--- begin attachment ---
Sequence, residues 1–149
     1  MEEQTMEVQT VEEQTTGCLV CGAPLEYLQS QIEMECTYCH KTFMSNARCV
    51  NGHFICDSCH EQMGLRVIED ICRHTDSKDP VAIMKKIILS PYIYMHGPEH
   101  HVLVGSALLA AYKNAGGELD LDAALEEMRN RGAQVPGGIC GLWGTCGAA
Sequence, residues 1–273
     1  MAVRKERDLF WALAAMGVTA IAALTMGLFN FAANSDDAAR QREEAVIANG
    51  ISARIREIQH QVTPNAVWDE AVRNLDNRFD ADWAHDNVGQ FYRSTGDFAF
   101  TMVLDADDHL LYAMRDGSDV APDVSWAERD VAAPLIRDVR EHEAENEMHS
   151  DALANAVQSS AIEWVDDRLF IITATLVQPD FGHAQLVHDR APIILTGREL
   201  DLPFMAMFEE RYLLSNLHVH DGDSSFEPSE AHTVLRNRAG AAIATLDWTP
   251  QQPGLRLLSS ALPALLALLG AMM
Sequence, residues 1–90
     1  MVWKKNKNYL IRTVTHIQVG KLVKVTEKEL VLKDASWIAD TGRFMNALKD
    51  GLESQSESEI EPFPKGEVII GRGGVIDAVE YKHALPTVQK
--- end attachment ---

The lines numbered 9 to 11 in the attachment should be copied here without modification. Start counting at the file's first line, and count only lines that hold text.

   151  DALANAVQSS AIEWVDDRLF IITATLVQPD FGHAQLVHDR APIILTGREL
   201  DLPFMAMFEE RYLLSNLHVH DGDSSFEPSE AHTVLRNRAG AAIATLDWTP
   251  QQPGLRLLSS ALPALLALLG AMM